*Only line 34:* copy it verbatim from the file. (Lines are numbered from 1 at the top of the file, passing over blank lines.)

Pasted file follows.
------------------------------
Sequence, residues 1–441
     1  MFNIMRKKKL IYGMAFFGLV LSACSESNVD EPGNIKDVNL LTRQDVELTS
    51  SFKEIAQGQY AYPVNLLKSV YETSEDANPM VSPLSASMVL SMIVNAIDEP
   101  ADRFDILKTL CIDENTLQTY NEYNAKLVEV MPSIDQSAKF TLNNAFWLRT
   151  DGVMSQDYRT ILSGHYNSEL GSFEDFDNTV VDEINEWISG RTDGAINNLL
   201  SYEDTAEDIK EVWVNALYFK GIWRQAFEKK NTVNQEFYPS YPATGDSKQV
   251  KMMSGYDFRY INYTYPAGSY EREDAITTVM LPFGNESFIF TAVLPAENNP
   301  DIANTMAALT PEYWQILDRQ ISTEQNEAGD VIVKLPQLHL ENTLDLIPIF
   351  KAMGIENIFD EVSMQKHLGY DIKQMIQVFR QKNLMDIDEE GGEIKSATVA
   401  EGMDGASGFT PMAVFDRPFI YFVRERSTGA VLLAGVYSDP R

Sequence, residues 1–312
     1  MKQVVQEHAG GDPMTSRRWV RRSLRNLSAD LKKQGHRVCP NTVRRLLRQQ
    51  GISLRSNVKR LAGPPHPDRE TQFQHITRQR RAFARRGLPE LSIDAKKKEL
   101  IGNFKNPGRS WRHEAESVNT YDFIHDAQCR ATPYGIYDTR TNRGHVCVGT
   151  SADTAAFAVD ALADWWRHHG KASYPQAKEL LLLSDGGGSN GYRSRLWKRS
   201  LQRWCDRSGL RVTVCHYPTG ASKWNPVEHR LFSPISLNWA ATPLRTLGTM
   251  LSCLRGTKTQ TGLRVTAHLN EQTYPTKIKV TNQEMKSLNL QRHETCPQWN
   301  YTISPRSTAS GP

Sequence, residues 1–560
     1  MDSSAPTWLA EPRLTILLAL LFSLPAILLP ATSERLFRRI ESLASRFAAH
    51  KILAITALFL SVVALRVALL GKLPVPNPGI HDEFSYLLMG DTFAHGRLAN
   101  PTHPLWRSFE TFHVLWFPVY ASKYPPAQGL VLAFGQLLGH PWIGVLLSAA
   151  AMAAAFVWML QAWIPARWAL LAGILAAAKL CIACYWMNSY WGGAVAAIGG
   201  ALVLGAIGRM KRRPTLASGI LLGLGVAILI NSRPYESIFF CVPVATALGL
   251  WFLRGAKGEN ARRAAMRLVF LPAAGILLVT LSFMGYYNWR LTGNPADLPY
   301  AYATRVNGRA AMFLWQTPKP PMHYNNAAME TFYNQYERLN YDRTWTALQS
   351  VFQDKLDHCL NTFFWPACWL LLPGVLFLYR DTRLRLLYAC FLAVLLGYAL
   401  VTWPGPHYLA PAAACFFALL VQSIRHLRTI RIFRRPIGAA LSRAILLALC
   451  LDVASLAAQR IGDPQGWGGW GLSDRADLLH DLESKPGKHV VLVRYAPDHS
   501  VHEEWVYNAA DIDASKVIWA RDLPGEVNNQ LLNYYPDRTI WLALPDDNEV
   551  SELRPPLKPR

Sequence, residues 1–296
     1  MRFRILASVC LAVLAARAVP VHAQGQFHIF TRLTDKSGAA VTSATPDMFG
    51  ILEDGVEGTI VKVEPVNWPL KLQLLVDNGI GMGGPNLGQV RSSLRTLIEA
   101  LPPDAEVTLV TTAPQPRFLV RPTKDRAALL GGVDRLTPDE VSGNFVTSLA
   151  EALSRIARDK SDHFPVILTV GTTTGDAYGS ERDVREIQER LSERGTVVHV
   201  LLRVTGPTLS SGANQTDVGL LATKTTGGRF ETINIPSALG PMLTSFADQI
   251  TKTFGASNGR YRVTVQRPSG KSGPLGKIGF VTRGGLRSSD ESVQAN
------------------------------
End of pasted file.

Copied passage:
    51  ILEDGVEGTI VKVEPVNWPL KLQLLVDNGI GMGGPNLGQV RSSLRTLIEA